Let us understand this better with an illustration of a real life example where the stock price actually moves up and let us see the impact on the value of the put option.

Input DataInput DataStock Price now (P)

120

Stock Price now (P)

125

Exercise Price of Option (EX)

125

Exercise Price of Option (EX)

125

Number of periods to Exercise in years (t)

0.08333333

Number of periods to Exercise in years (t)

0.083333333

Compounded Risk-Free Interest Rate (rf)

5.00%

Compounded Risk-Free Interest Rate (rf)

5.00%

Standard Deviation (annualized s)

30.00%

Standard Deviation (annualized s)

30.00%

Output DataOutput DataPresent Value of Exercise Price (PV(EX))

124.4803

Present Value of Exercise Price (PV(EX))

124.4803

s*t^0.5

0.0866

s*t^0.5

0.0866

d1

-0.3800

d1

0.0914

d2

-0.4666

d2

0.0048

Delta N(d1) Normal Cumulative Density Function

0.3520

Delta N(d1) Normal Cumulative Density Function

0.5364

Bank Loan N(d2)*PV(EX)

39.8844

Bank Loan N(d2)*PV(EX)

62.4791

Value of Put6.8345Value of Put4.0535In the above instance we have assumed that all the factors remain constant but only the stock price goes up from Rs.120 to Rs.125. You will see that the value of the put option also goes down. That is because a put option is a right to sell the stock at the strike price, which is Rs.125 in this case. As the stock price keeps going higher it becomes more and more out of the money and hence the put otion becomes less valuable. What happens to the option value as the price goes up further. Will the option value fall at a faster rate or a slower rate? Let us simulate another situation with another Rs.5 increase in the stock price. What happens? Check our workings below:

Input DataInput DataStock Price now (P)

120

Stock Price now (P)

130

Exercise Price of Option (EX)

125

Exercise Price of Option (EX)

125

Number of periods to Exercise in years (t)

0.08333

Number of periods to Exercise in years (t)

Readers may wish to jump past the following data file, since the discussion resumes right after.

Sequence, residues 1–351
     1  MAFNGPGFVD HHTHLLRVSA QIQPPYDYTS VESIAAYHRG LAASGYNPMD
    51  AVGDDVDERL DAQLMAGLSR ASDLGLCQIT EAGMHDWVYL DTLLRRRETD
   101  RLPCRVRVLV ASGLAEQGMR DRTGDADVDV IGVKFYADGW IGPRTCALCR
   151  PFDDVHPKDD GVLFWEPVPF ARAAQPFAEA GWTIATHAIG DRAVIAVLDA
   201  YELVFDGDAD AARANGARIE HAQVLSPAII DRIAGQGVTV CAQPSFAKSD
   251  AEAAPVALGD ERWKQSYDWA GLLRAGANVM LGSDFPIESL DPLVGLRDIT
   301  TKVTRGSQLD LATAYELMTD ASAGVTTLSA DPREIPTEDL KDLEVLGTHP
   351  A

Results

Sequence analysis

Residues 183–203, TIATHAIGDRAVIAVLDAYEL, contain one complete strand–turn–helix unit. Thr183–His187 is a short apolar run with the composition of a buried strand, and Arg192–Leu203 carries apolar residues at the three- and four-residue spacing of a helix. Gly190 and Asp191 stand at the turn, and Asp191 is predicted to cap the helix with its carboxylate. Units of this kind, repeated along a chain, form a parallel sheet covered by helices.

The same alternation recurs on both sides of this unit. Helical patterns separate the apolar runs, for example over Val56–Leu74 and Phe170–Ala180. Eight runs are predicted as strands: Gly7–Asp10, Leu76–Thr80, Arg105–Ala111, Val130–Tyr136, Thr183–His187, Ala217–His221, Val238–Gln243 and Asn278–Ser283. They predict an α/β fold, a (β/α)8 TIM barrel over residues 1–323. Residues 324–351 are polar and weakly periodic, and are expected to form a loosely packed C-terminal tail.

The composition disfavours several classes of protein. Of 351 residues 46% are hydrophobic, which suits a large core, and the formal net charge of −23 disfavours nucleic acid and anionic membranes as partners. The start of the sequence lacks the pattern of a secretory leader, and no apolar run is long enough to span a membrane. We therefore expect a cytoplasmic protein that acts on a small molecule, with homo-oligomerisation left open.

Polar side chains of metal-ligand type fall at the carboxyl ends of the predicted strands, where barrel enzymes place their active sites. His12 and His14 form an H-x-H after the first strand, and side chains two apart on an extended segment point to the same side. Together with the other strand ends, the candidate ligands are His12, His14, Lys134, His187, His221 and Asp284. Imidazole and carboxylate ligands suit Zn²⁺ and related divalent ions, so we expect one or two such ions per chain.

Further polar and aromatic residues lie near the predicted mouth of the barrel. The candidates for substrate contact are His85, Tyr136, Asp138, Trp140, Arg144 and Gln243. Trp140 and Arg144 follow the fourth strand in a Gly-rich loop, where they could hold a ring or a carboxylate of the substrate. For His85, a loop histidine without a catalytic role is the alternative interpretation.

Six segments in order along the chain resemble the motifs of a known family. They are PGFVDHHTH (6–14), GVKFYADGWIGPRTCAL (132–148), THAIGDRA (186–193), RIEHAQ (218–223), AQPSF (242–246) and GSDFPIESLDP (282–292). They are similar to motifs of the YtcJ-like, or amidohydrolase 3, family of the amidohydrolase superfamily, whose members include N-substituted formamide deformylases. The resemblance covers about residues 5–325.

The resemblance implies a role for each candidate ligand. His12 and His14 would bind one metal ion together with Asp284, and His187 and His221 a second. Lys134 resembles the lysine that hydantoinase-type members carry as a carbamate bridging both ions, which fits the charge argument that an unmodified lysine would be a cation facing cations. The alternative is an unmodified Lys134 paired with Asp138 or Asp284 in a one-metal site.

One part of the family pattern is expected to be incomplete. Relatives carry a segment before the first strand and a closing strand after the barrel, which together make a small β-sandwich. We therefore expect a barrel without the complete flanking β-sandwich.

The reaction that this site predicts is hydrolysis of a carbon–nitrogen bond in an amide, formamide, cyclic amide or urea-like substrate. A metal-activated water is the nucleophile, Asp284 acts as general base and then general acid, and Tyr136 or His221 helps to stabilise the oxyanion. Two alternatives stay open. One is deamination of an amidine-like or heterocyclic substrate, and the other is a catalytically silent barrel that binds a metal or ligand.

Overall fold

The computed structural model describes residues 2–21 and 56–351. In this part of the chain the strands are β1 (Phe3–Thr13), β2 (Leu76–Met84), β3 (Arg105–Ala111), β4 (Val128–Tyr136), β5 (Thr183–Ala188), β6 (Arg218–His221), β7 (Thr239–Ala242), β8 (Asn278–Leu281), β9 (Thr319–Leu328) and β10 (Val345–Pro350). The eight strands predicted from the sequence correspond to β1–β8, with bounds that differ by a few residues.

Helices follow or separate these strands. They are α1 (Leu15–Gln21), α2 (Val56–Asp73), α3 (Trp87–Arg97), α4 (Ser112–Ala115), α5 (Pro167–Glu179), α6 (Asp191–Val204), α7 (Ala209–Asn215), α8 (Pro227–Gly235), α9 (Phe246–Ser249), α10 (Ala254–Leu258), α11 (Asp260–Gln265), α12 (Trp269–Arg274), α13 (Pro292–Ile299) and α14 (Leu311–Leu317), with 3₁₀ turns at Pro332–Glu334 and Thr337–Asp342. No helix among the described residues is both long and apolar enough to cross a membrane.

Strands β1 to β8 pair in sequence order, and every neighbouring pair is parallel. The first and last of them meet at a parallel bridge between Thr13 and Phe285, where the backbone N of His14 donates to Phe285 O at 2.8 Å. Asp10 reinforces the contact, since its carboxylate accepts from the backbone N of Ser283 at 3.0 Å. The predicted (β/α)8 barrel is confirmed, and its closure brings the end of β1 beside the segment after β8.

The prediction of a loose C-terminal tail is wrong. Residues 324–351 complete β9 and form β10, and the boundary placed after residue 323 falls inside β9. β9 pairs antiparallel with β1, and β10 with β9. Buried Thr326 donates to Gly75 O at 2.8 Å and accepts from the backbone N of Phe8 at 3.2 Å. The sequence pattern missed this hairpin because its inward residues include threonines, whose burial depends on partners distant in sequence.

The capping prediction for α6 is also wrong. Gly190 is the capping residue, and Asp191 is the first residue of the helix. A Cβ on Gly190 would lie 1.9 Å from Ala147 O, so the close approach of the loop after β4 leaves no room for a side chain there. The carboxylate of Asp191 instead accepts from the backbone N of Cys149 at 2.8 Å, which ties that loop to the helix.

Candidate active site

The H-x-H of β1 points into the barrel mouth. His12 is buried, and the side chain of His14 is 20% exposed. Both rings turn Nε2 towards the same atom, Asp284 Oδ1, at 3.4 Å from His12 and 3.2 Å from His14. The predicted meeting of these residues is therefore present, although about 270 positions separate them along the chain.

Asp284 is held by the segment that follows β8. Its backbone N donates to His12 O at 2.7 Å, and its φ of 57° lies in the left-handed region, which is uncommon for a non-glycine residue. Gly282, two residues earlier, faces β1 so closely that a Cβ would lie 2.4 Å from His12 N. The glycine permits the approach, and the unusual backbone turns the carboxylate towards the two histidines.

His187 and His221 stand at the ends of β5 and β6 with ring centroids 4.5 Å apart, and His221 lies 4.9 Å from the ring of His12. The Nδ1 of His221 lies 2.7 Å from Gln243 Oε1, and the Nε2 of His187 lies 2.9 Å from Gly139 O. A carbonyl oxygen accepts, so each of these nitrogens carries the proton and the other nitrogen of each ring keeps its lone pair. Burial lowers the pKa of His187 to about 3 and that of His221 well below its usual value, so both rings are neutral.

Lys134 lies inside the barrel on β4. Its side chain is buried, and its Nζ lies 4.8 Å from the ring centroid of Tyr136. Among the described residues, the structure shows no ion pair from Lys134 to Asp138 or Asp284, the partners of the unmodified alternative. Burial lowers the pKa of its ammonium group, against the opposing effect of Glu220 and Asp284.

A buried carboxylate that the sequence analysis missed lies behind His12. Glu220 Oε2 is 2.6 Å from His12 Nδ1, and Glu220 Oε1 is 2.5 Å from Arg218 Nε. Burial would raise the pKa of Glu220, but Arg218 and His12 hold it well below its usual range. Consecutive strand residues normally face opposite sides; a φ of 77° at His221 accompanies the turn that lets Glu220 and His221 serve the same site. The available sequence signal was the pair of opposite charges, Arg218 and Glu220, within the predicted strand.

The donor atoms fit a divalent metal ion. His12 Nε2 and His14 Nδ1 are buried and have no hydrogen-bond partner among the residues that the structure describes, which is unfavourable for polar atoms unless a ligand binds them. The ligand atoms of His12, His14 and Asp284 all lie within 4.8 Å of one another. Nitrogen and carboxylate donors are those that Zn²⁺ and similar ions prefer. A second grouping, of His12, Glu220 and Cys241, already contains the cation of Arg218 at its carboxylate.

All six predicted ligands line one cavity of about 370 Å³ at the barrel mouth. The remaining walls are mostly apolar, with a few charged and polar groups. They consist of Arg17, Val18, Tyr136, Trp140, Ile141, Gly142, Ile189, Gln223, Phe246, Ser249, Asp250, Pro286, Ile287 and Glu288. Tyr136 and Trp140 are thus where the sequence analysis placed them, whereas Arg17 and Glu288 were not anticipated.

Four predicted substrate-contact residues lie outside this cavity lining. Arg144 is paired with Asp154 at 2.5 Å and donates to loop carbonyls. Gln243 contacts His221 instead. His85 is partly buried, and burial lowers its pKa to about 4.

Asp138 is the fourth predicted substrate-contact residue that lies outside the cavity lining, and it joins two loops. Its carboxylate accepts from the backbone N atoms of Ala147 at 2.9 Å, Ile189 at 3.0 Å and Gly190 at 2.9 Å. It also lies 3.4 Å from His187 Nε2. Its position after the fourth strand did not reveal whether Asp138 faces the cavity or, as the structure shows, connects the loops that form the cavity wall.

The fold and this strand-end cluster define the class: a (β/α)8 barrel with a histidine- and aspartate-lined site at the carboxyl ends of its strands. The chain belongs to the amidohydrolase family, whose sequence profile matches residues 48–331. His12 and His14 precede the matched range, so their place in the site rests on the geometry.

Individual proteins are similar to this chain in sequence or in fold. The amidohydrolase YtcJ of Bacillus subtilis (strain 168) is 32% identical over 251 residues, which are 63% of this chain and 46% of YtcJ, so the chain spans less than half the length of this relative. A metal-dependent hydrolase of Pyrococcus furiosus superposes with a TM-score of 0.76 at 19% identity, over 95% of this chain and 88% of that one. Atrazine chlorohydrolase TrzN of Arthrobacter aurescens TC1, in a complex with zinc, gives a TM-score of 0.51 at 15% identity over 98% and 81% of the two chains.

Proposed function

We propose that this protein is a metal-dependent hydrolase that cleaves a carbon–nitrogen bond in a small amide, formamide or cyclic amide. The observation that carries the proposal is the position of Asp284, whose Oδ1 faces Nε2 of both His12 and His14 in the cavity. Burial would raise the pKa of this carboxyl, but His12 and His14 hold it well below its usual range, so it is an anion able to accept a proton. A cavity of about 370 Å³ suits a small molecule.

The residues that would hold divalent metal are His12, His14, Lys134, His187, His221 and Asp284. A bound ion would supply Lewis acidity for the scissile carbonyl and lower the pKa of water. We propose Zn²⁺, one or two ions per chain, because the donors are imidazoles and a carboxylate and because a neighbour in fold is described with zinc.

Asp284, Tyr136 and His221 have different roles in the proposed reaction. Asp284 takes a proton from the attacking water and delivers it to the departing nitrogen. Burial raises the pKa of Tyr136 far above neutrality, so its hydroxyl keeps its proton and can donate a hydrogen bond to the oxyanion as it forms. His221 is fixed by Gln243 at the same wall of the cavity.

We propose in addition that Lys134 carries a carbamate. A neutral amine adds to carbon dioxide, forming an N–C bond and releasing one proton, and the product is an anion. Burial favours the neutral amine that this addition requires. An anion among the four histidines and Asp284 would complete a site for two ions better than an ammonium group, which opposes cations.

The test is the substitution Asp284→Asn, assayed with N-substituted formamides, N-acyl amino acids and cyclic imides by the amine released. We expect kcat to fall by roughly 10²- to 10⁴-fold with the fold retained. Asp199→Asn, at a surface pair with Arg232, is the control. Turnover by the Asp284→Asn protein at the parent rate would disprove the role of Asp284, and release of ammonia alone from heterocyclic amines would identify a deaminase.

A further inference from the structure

0.08333

Compounded Risk-Free Interest Rate (rf)

5.00%

Compounded Risk-Free Interest Rate (rf)

5.00%

Standard Deviation (annualized s)

30.00%

Standard Deviation (annualized s)

30.00%

Output DataOutput DataPresent Value of Exercise Price (PV(EX))

124.4803

Present Value of Exercise Price (PV(EX))

124.4803

s*t^0.5

0.0866

s*t^0.5

0.0866

d1

-0.3800

d1

0.5443

d2

-0.4666

d2

0.4577

Delta N(d1) Normal Cumulative Density Function

0.3520

Delta N(d1) Normal Cumulative Density Function

0.7069

Bank Loan N(d2)*PV(EX)

39.8844

Bank Loan N(d2)*PV(EX)

84.2001

Value of Put6.8345Value of Put2.1747Now what do we see in this case? When the stock price goes up by another Rs.5 to Rs.130, then the value of the put option goes down further to Rs.2.1747. But you will also notice that the percentage rise is much higher in the second round than the first round. That is because the option value has two components viz. the time value and the intrinsic value. As the stock price goes above Rs.125, it only has time value and that trend towards zero very quickly as prospects of a fall in price become remote. Thus the impact of time value on the total option valuation keeps going up consistently. This trend will continue as you keep going further up in the stock price.